About a month before Emily (not her real name) was due to appear in court last November for a maintenance trial, she was shocked when she found that her husband had cancelled her Dependant's Pass (DP) in the midst of their separation.
After four years of calling Singapore home, the 51-year-old British mother of one faced a four-week deadline to leave the country and her teenage daughter, who has yet to finish school here.
This method of "getting rid" of expatriate spouses by terminating the pass was becoming more common, but for the past half year or so, there have been more cases where the courts prevented this tactic, said lawyers.
They attribute this change to a growing awareness of the predicament of trailing spouses in divorces or separations. In Emily's case, after a tense two-week wait, the judge ruled that her British husband was to reinstate her pass for two years, she said.
"I want to stay here for my daughter, who still has 18 months back at school," said Emily, who lives with her 17-year-old and is looking for a job here. "My husband travels often, and a child needs her mother."
KIDS' WELL-BEING CRUCIAL
The court has always placed the welfare of children as paramount. It is certainly not in the interest and welfare of the children if their mother is forced by circumstances to leave them behind.
FAMILY LAWYER FOO SIEW FONG
SIM University senior lecturer Yvonne McNulty said that in her research involving 252 expat spouses going through divorce in Singapore, about 100 either had their DPs cancelled or been threatened with cancellation. The three-year study ended last year.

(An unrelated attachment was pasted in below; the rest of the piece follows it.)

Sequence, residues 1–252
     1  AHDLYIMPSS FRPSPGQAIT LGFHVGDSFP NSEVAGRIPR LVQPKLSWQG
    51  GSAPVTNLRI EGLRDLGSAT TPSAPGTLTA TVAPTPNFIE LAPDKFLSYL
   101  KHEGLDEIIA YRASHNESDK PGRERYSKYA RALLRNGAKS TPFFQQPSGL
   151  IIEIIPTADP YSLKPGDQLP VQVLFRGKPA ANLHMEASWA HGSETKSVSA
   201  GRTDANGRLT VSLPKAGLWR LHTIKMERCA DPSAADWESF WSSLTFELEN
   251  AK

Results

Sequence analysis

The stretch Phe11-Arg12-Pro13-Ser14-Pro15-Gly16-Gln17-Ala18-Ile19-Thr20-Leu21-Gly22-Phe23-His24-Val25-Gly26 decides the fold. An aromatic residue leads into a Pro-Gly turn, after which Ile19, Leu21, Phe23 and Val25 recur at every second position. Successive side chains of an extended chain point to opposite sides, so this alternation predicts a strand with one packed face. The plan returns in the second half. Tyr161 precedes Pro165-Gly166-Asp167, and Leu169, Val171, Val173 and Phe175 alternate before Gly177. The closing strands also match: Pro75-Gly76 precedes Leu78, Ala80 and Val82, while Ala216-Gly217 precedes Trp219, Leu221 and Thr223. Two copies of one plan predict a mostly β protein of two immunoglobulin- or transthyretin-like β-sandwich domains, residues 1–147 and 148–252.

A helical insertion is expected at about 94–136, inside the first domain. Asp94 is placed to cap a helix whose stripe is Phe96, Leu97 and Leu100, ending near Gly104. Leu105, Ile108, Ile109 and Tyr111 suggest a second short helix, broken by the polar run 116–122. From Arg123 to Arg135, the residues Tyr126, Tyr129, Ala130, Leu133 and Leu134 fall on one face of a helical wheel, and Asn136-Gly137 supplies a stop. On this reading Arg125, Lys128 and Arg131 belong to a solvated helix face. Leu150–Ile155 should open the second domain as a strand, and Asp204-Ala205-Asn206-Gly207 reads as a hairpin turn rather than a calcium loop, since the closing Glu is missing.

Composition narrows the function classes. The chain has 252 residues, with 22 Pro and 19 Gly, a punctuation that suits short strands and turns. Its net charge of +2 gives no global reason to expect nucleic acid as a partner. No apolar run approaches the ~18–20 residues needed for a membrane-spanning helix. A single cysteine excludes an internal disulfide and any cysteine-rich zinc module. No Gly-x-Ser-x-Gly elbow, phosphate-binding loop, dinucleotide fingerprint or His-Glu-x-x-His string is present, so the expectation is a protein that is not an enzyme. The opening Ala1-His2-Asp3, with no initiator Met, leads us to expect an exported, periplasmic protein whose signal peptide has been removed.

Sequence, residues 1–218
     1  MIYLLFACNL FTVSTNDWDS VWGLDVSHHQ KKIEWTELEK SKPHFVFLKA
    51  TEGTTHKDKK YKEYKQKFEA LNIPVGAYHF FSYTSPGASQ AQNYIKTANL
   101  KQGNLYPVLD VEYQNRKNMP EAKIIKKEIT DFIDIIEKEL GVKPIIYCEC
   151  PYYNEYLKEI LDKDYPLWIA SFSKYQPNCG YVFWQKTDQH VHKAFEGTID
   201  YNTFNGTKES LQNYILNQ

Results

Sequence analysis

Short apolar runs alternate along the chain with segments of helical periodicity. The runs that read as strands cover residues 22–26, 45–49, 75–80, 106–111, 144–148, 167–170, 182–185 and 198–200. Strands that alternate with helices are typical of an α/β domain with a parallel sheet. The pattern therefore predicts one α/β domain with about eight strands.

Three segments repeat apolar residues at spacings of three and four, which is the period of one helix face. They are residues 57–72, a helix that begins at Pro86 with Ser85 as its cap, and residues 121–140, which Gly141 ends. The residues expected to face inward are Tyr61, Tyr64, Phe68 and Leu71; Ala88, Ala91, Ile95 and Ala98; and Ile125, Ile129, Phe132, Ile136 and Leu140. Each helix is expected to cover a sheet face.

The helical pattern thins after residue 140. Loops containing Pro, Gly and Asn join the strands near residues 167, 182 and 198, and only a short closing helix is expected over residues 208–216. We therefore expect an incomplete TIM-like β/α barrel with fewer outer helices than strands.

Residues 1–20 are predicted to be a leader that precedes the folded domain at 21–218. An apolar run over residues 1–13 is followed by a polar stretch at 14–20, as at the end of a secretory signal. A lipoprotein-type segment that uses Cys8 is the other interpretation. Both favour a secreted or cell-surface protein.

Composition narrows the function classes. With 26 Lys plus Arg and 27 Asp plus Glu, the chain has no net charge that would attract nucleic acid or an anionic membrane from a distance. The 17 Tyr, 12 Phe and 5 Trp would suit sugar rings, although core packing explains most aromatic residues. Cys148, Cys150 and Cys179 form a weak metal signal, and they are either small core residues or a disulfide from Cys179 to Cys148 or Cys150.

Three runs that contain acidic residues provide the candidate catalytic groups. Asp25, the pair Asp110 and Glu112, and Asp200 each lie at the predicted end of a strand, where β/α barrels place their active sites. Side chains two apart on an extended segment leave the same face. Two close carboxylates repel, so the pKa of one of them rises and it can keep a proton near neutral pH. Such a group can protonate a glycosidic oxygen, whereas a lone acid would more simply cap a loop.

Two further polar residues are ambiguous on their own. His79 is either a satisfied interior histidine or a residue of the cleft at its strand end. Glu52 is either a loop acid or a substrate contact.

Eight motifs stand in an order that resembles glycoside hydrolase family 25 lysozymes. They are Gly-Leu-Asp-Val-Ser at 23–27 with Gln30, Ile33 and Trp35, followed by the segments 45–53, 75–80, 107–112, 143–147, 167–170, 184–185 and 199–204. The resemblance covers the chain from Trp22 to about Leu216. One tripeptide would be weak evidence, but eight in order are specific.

She added that with a minimum of three years needed to finalise divorce here, the DP holder is at "a clear disadvantage with the law" if he or she loses the pass in the first month of separation.
But she said that the number of reinstated passes remains a "very small number" and more can be done to stop the cancellation of spouses' DPs.
When an expat moves here, his or her company sponsors the Employment Pass.
The employer of the expat - who is typically male - then sponsors his wife and children as dependants on his pass, which he can ask to cancel any time. Divorce cases in Singapore with at least one party of a different nationality rose from 31 per cent of cases filed in 2011 to 40 per cent in 2015.
British permanent resident Catherine Rose Yates, who set up a support group for expats going through separation, said her group has grown from some 250 members in September last year to more than 300 now.
Most members have children, making separation complicated due to care and custody issues, she said. But she has seen at least three cases in the past two or so months where the courts ordered a spouse's DP to be reinstated for the duration of the proceedings, she said, "so the other party can have a fair trial".
Lawyer Yvonne Sweeney, whose expertise includes cross-border divorces, said: "It's been happening more and more in the past six months."
Calling such rulings "a significant move" for access to justice, lawyer Franca Ciambella said: "It also makes it a more level playing field as the working spouse can no longer use (the pass) as extra leverage to force the non-working spouse to accede to their demands."
This will allow the trailing spouse to remain with his or her children as well, and have an option to work here, she added.
Family lawyer Foo Siew Fong said: "The court has always placed the welfare of children as paramount. It is certainly not in the interest and welfare of the children if their mother is forced by circumstances to leave them behind."
Kate (not her real name), a Kazakhstani who managed to enforce a court order to reinstate her DP last month, said this was important as she could represent herself in court proceedings. She has a two-year-old son.
The 26-year-old added: "By cancelling my DP and forcing me to leave Singapore, my ex-husband was trying to separate me and my child (using the system)."